Are Vacations Worth the Debt?
Some days you just want to destroy everything on your work desk and escape into a hammock at the beach and listen into the ocean for five weeks, but we all know you can’t do that without any money.
You’d check how much you’ve saved from that exhausting job and finally confirm the fact that you really don’t have enough money for a trip or to repair the work equipment if you destroy it.
Still, you need to take a break somewhere far, possibly somewhere expensive. Stress is driving you crazy – you need to find a way to get money for a weekend getaway you’ll never forget.
If you’re asking for a magic solution for a free vacation, here’s a sign: if people tell you that you can take a vacation for free, they most likely want to kidnap you.
Don’t worry. For the sake of your sanity, you should know that there are ways to get money without savings.
This sounds like the perfect option: it’s cheaper than credit cards, but offers almost the same money. It’s an unsecured personal loan, which means you don’t need to give up your car or house if you don’t pay for it on time. Instead, you’ll repay in fixed monthly installments over a period of time you and your borrower already agreed on.
But remember that this option is not the best – you should always prioritize creating and sticking to a budget while taking your time to earn for a vacation with your own money. That way, your getaway can feel more well-earned.
- How to Start and Maintain a Budget
Your necessities and debt should always come first. Check your ledger before you say yes to taking vacations and splurging on food. This will keep your conscience clean, both for your debtors and yourself.
What do you get from it?
How much did you get from a vacation loan depends on your past loans and your ability to pay it back.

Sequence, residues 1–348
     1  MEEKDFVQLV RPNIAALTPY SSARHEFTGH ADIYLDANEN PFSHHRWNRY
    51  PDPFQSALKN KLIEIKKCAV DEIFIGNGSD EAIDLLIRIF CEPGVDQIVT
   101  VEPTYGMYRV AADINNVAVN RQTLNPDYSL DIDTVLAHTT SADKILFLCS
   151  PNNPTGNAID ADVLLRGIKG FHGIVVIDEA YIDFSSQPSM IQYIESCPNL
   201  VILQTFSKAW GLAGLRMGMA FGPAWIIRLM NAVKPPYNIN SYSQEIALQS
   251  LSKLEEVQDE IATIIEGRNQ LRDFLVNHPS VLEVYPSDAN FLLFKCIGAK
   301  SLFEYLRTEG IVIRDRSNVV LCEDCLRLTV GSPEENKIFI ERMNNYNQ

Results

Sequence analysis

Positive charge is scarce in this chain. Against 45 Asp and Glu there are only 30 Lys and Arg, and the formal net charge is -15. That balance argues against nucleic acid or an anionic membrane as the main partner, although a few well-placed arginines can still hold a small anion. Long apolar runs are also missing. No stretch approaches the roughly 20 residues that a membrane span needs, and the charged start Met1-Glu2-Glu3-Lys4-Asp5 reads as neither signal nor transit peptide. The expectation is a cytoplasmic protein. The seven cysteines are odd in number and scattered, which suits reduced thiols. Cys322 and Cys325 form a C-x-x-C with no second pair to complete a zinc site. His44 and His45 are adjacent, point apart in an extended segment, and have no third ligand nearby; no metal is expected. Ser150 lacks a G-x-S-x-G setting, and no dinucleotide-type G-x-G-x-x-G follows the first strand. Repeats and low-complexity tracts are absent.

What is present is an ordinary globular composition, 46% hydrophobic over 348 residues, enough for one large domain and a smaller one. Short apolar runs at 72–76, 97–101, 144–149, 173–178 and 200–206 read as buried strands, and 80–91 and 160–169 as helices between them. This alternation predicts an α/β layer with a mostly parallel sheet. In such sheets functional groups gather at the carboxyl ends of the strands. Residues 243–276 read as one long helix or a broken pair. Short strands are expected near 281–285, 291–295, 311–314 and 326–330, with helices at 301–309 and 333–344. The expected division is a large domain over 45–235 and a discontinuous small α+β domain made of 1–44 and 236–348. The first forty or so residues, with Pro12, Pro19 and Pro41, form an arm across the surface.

Interest rates on personal loans are often lower than those in credit cards, but they also by lender and borrower. The better you qualify, the lower you have to pay your loaners back.
Well-qualified borrowers with the highest FICO scores (credit scores, which determine how well you handle the money you borrow) can qualify for loans with:
Origination fees are those charged by a lender on entering into a loan agreement to cover the cost of processing the loan,
- Origination fees, which are required upon entering a loan agreement, are only charged under 2% of your loan
- APR rates, charged for borrowing or earned through investment, are under 10% to 12%.
- You can pay back for as long as seven years, though five years is most often the maximum
Meanwhile, less qualified borrowers with average FICO scores can loan for:
- Origination fees charged under 4% instead of 2%
- Rates are under 15% in addition to the origination fee
- Three to five years of payments
Basically, the less qualified you are, the more you need to pay within a shorter amount of time.
APRs can go up to 17% of your loan every month, depending on which loaner you work with.
Shorter terms = lower total interest
Longer terms = higher total interest
While loaners can let you pay less in a month, depending on your monthly income, this will also give way to higher interest rates. Once you finish paying your debt, the amount you’ll pay back can reach almost twice as much as you loaned in the first place.
Make sure to compare multiple lenders, consider their fees, and budget your capacity to pay every month.
If your preferred loan takes more than what you can earn, it might not be worth taking the trip.
Then again, you might not have enough time regardless. Vacation loans are the cheapest, but they’re not the only option.
Line of Credit